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From Alex Heneveld <alex.henev...@cloudsoftcorp.com>
Subject Re: How are new features / project directions being discussed?
Date Fri, 09 Jan 2015 12:19:20 GMT

+1

I think "going straight to PR" is the biggest issue.

This isn't always the case.  Several technical decisions and feature 
items have come through the list (brooklyn maven plugin, website 
rewrite, tosca support) and sometimes also JIRA.  Not much has been done 
off list -- but a fair amount has been only on IRC, or just in PR's, 
neither of which many people see.

In any case whatever it is, if it's something people might be interested 
in send it to the list.  If not, then it shouldn't be committed unless 
it's trivial.  The logical conclusion then (just in case anyone is rusty 
on their modus tollens) is that all non-trivial commits should be 
discussed on list.

That said I'm as guilty as anyone.  So thanks Chip for the nudge.

The other semi-process we've been using are shared documents for feature 
proposals [1].  These have been announced on the list but I think we 
refine this process so that we email PDF's of the doc to the mailing 
list (a) when it is first proposed and (b) once it is completed; and (c) 
send significant updates/summaries to the list for wider discussion.  
(The reasoning here is that it will be aggravating to have small details 
discussed here, and that a shared doc allows good updating and makes it 
easy to get comments from anyone, but at the same time we want permanent 
records lodged within Apache.)

Best
Alex

[1] 
https://drive.google.com/drive/#folders/0B3XurVLRa7pIc1JwSExJZVQwTG8/0B3XurVLRa7pIMlZQSUxrdTh4Wmc



On 09/01/2015 11:36, Aled Sage wrote:
> Chip,
>
> Very good points.
>
> We definitely fall into category (2): too much planning happening 
> outside of the mailing list. We should remedy that - ensuring big 
> features are proposed + discussed on the list, for all the reasons you 
> give.
>
> I'll make more of an effort to to do that, and would appreciate if 
> others do the same.
>
> ---
> Making a basic roadmap available for the community is also important. 
> Should we set up http://wiki.apache.org/brooklyn, or alternatively 
> just have it as a page on https://brooklyn.incubator.apache.org 
> (though that is slightly harder for the community to edit due to how 
> the website is published).
>
> Aled
>
>
> On 07/01/2015 15:03, Chip Childers wrote:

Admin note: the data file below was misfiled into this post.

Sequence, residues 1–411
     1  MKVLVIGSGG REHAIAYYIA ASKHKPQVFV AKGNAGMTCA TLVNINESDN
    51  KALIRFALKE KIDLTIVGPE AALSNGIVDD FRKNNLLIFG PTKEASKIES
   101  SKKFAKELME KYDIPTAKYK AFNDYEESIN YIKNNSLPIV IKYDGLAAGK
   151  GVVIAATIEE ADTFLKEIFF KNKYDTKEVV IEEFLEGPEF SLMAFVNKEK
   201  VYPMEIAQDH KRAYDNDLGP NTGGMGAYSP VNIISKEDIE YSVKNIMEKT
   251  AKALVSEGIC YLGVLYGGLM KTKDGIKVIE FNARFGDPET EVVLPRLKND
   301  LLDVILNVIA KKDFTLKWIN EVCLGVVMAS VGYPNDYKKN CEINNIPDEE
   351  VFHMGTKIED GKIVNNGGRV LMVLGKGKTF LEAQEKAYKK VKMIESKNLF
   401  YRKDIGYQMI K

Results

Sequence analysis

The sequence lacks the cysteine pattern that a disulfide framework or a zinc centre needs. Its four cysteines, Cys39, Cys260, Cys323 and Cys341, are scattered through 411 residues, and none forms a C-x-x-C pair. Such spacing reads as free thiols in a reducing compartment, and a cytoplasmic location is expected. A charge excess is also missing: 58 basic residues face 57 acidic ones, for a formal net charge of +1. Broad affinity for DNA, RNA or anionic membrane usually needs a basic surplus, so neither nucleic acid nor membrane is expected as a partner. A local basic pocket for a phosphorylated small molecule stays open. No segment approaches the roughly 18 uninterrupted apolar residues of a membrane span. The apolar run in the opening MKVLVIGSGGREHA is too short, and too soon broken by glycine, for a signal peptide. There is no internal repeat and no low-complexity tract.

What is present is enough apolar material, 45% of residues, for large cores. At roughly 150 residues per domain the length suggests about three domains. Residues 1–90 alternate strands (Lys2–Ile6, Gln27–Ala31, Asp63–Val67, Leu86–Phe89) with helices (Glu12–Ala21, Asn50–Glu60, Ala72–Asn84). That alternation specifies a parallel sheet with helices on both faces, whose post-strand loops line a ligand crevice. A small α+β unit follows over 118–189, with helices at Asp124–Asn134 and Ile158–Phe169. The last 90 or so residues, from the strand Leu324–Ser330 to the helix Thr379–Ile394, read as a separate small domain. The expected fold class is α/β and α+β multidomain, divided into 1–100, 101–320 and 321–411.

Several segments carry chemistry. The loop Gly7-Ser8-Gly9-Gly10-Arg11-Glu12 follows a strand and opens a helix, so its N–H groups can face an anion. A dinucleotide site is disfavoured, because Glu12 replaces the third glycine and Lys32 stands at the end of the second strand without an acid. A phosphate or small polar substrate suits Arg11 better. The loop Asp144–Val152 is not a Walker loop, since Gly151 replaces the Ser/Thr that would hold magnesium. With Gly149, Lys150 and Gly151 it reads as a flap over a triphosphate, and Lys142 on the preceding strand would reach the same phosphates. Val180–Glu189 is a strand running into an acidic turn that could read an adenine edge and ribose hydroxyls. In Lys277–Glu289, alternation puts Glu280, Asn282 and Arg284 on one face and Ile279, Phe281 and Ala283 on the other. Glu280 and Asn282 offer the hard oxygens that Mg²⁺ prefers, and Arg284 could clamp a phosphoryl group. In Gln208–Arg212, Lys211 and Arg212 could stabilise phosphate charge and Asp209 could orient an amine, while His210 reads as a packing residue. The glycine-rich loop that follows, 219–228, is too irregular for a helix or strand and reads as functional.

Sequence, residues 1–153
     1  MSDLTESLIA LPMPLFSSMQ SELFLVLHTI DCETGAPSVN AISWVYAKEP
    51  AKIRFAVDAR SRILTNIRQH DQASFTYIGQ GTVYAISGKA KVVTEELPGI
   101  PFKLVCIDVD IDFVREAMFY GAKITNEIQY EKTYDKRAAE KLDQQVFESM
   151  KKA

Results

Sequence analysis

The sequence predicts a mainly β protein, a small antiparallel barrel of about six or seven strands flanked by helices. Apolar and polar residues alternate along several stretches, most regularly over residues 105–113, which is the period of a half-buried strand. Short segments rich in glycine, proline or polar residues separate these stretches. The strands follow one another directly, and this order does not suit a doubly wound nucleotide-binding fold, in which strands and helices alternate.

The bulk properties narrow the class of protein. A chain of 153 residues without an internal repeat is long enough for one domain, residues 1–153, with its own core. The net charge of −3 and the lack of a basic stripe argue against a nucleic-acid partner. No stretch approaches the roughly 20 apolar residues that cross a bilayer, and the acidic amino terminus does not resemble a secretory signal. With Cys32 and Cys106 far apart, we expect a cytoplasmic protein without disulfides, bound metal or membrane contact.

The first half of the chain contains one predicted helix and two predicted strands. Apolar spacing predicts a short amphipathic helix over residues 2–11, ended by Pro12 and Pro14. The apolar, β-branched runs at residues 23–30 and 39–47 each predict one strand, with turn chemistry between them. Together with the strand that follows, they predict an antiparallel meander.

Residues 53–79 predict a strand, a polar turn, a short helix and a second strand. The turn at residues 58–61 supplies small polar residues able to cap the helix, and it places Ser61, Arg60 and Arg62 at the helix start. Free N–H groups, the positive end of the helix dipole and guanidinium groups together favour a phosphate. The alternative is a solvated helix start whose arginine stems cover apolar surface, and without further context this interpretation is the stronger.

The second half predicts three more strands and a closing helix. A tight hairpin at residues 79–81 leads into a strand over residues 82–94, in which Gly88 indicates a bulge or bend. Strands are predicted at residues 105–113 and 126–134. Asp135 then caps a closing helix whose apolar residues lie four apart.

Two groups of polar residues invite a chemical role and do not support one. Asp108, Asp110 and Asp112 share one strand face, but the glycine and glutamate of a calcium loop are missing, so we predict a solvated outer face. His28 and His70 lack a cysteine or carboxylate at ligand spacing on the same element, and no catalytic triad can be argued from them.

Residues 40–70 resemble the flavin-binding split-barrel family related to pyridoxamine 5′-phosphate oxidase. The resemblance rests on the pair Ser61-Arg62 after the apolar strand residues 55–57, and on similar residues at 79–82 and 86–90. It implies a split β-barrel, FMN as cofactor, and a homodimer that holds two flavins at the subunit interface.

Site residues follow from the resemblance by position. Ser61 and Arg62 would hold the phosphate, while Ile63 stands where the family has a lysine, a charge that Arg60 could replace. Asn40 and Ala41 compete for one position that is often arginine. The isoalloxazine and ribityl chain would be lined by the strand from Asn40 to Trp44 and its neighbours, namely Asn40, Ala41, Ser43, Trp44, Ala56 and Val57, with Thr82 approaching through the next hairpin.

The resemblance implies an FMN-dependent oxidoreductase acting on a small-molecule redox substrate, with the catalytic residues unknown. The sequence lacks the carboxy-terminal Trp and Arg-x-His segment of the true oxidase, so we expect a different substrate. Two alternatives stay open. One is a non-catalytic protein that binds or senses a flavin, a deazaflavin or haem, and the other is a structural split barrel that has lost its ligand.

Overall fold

>> Hey all,
>>
>> I spent a little time combing through the mailing list over the last
>> couple of days. I think that the Brooklyn community is doing pretty well
>> as a podling right now, but one thing struck me... and I wanted to ask
>> about it.
>>
>> Keep in mind that I'm not familiar enough with the code itself to have
>> any opinions about it, so my question is really a qualitative one about
>> community communications and decision making.
>>
>> When I look at the ML, I see a significant percentage (if not all) of
>> the technical decisions happening via pull requests. That's great, and
>> it's a good way to do lower level code reviews. But what struck me is
>> that I couldn't find any place where the community is collaborating on
>> feature proposals, where the project wants to go, etc...
>>
>> Generally, I've seen that this means one of two things (or some
>> combination thereof):
>>
>> 1 - The project is in a position where only minor work is occurring, and
>> that's just the state of affairs. Nothing dramatic means no discussions
>> to be had beyond the code-level reviews in the PRs.
>>
>> 2 - Some planning is happening outside of the project, and the project
>> itself is only able to see the code contributions that are a result of
>> that planing.
>>
>> Now, to be clear, item 2 is expected in some ways... Companies involved
>> certainly have the right to plan their own areas of focus. No issues
>> with that.
>>
>> However, since I said this is really a qualitative comment, the optics
>> on the mailing list are that there doesn't appear to be a community
>> planning process. Having a community planning process is something that
>> can really help to attract people that might not have been contributing
>> yet. It's also a great way to draw out ML lurkers that have been silent
>> but are on the lists, so that they have a place to comment and provide
>> feedback.
>>
>> To be sure, I don't see this as a *problem*, but more as an observation
>> that may present an opportunity for Brooklyn to grow it's community.
>>
>> Thoughts?
>>
>> -chip
>


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